Article  Google Scholar 

  19. 19.

    Rubatat, L., Rollet, A. L., Gebel, G. & Diat, O. Evidence of elongated polymeric aggregates in Nafion. Macromolecules 35, 4050–4055 (2002).

    Article  Google Scholar 

  20. 20.

    Schmidt-rohr, K. & Chen, Q. Parallel cylindrical water nanochannels in Nafion fuel-cell membranes. Nat. Mater. 7, 75–83 (2008).

    Article  Google Scholar 

  21. 21.

    Li, N. & Guiver, M. D. Ion transport by nanochannels in ion-containing aromatic copolymers. Macromolecules 47, 2175–2198 (2014).

    Article  Google Scholar 

  22. 22.

    Vetter, S., Ruffmann, B., Buder, I. & Nunes, S. P. Proton conductive membranes of sulfonated poly(ether ketone ketone). J. Memb. Sci. 260, 181–186 (2005).

    Article  Google Scholar 

  23. 23.

    Fujimoto, C. H., Hickner, M. A., Cornelius, C. J. & Loy, D. A. Ionomeric poly(phenylene) prepared by Diels-Alder polymerization: synthesis and physical properties of a novel polyelectrolyte. Macromolecules 38, 5010–5016 (2005).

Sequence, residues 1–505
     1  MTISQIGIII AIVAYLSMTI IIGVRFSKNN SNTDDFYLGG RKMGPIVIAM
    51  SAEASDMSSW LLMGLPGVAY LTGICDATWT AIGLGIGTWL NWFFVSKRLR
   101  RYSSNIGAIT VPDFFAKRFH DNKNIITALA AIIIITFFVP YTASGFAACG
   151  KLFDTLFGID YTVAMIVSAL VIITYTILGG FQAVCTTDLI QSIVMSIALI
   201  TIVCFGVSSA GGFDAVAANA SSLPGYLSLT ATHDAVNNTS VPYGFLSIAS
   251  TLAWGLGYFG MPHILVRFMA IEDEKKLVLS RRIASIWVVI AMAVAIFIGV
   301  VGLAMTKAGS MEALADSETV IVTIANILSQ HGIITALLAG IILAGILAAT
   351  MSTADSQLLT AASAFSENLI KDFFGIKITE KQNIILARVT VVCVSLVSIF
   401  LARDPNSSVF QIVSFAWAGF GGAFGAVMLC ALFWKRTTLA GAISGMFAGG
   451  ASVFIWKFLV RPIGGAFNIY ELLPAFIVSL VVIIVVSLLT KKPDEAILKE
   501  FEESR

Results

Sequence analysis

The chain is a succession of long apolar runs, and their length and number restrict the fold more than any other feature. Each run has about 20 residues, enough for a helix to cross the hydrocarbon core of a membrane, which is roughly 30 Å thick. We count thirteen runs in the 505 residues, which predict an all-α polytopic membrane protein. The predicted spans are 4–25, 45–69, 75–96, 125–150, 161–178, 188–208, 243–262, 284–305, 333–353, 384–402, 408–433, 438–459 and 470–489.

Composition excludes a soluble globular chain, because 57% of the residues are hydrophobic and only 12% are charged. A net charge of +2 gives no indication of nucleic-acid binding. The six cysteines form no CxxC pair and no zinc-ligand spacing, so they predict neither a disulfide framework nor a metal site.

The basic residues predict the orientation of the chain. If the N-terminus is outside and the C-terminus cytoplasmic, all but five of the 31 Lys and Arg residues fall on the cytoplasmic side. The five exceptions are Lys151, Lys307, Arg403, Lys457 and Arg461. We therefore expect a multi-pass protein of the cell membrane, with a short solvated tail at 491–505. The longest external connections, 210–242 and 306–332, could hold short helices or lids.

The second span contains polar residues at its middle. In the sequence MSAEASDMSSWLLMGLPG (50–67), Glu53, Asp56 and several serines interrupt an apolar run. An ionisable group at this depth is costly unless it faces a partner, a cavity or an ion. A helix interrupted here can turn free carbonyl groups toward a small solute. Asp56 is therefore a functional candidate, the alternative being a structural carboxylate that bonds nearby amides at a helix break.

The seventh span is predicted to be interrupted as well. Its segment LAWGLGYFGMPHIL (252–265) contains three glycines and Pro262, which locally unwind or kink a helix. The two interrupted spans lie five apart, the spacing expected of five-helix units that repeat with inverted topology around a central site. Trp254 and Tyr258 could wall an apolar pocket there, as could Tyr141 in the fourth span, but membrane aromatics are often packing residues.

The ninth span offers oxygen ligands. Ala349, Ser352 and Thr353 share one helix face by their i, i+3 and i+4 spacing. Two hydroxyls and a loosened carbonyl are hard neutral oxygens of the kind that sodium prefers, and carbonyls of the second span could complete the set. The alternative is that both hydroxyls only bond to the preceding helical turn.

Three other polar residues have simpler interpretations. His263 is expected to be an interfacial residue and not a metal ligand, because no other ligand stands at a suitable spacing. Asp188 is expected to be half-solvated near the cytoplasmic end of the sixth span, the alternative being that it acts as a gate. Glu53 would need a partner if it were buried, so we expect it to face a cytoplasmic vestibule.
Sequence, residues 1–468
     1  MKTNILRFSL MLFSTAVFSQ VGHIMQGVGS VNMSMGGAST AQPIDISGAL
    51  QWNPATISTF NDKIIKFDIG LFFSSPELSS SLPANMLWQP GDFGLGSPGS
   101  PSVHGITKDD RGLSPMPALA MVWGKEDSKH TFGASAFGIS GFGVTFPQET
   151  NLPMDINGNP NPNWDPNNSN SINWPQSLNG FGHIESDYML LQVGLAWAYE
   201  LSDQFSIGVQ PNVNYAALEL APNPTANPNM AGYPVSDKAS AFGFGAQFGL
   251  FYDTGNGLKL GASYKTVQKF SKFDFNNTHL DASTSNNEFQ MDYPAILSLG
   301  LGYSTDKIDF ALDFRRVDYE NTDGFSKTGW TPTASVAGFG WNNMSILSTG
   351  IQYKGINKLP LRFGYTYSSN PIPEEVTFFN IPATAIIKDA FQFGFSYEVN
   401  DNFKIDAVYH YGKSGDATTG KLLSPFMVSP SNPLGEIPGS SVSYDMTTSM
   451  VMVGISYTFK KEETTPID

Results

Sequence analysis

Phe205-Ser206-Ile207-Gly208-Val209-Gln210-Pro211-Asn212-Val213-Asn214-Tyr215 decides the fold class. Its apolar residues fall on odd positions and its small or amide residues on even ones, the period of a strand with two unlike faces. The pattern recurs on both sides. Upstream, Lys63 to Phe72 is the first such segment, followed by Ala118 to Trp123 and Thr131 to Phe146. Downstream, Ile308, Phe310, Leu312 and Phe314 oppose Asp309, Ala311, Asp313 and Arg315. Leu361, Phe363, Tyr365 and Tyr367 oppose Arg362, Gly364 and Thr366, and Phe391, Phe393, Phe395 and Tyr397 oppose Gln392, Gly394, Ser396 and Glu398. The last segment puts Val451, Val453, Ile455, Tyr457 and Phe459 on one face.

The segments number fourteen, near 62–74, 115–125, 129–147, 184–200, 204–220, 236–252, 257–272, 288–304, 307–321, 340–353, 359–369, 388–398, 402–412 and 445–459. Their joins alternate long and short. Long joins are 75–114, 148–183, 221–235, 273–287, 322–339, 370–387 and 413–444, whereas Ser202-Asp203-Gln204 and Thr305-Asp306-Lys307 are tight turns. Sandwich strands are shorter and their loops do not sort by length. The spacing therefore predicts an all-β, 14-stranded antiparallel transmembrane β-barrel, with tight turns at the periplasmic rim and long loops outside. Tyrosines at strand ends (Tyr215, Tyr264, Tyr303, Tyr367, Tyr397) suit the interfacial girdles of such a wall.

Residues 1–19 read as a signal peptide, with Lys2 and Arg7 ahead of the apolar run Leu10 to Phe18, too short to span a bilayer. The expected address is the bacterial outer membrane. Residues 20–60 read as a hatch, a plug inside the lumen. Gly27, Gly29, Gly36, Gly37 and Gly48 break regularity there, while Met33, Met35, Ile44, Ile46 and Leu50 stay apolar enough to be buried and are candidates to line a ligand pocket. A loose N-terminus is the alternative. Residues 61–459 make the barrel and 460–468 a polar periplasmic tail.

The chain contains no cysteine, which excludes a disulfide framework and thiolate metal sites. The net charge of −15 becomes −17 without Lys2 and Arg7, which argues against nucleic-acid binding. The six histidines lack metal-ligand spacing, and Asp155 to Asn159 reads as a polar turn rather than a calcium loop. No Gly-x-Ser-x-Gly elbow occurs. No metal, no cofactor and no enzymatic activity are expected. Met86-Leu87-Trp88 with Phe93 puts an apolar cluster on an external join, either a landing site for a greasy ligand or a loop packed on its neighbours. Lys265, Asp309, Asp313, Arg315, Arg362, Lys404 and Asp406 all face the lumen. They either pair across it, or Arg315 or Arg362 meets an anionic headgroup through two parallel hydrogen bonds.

Article  Google Scholar 

  24. 24.

    Elabd, Y. A. & Hickner, M. A. Block copolymers for fuel cells. Macromolecules 44, 1–11 (2011).

    Article  Google Scholar 

  25. 25.

    Elabd, Y. A., Napadensky, E., Walker, C. W. & Winey, K. I. Transport properties of sulfonated poly(styrene-b-isobutylene-b-styrene) triblock copolymers at high ion-exchange capacities. Macromolecules 39, 399–407 (2006).

    Article  Google Scholar 

  26. 26.

    Kim, H. K., Zhang, M., Yuan, X., Lvov, S. N. & Chung, T. C. M. Synthesis of polyethylene-based proton exchange membranes containing PE backbone and sulfonated poly(arylene ether sulfone) side chains for fuel cell applications. Macromolecules 45, 2460–2470 (2012).

    Article  Google Scholar 

  27. 27.